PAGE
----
Following the path of the last Incas from Vitcos to Choquequiaro.
This exceptional hike takes you through the ragged mountain ranges of the Vilcabamba with majestic snow-capped peaks and deep valleys of cloud forests. You will hike along the Inca Trail which Manco Inca used to escape from the Spanish conquerors. The end of the trail marks a visit to the legendary archeological site of Choquequirao.
Day 1: Enjoy the panoramic view on your drive into the Cordillera Vilcabamba.
Day 2: First ascend do the sacred Inca site of Nusta Hispana / hiking time 6 hours
Day 3: Following the Inca Trail to the glacier pass / hiking time 7 hours
Day 4: Hiking through cloud forest and hiking up two mountain passes. Pure Nature! / hiking time 9 hours
Day 5: A day to relax with an amazing panoramic view
Day 6: Visit the small rural school of / hiking time 7 hours
Day 7: A long descent into the river valley of Yuracmayo / hiking time 6 hours
Day 8: Today you will visit the legendary Inca site Choquiquerao / hiking time 7 hours
Day 9: Descent to the river valley of the Apuimac, which feed into the Amazon / hiking time 6 hours
Day 10: Last ascent to the town of Cachora and return drive to Cusco
You will leave early today heading in your private transport from Cusco into the Sacred Valley and on over the Malaga Pass at 14.100 feet. Here you are just below the mountain Vicotria (18.860 feet) the highest peak in the Urubamba Cordillera. E curvy road takes you down into the cloud forests. Temperatures are slowly rising, it gets more and more humid and son the first tea and coffee plantations appear along the road. Stalls along the roadside sell mangos, papayas and oranges. In the late afternoon we reach the small town of Huancacalle at 9.600 feet where we will set up camp.
Early in the morning we visit the sacred Inca site Nusta Hispana and Vitcos. This was the last hideaway of Manco Inka, the legitimate successor to the Inca Atahualpa who had been executed by the Spaniards. From here the hike takes us past corn and potato fields to a wide valley. Small homesteads will give you an idea of farm life here in the Andes. At about 12.500 feet we reach our camp site below the Chocetacarpo pass. (hiking time 6 hours)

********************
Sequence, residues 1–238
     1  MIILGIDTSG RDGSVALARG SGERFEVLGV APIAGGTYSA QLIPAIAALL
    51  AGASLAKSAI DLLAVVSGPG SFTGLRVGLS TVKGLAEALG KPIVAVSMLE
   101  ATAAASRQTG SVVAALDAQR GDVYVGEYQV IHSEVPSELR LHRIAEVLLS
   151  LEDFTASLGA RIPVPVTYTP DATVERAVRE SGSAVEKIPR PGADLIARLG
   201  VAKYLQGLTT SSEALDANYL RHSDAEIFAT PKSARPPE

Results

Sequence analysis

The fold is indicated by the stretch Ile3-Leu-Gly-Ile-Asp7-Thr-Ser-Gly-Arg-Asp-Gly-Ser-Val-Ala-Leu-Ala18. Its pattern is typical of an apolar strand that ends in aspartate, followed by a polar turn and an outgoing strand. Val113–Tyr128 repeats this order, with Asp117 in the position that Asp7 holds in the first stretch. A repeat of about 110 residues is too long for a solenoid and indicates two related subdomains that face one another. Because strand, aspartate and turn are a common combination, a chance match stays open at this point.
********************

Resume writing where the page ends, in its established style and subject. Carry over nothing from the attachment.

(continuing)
Our ascend takes us along an old Inca Trail. Cobbled paths and well preserved stone steps as well as remains of an old supply sentry give testimony to the importance of this historic route. The first glaciers appear in the morning light before we reach the pass at 14.270 feet. Stone piles – so called Apachetas – mark the pass. We continue along the Inca Trail into the valley and reach our next camp site at Quelcamachay (12.300 feet). Surrounded by cloud forest and granite formations we can enjoy the afternoon light and some delicious food prepared by our crew. (hiking time 6-7 hours)
Today will be one of the more challenging days. First we descend further into the cloud forest. Natural tunnel formations formed by bamboo, bromeliads and orchids mark the path. We have to cross two passes at 13.120 feet while in between we drop down into the humid cloud forest again. The peaks of the Pumasillo group get closer every minute. Our camp site will be near the beautiful waterfall of Pacchac at 12.280 feet (hiking time 8-9 hours)